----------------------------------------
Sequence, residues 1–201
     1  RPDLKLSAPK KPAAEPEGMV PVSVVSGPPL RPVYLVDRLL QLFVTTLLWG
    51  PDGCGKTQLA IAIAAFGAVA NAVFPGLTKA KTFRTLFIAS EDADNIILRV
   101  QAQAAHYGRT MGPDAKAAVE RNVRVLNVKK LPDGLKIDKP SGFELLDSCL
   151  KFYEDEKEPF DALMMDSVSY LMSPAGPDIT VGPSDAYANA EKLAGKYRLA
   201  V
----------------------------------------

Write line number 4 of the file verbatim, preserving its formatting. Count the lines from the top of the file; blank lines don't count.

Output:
   101  QAQAAHYGRT MGPDAKAAVE RNVRVLNVKK LPDGLKIDKP SGFELLDSCL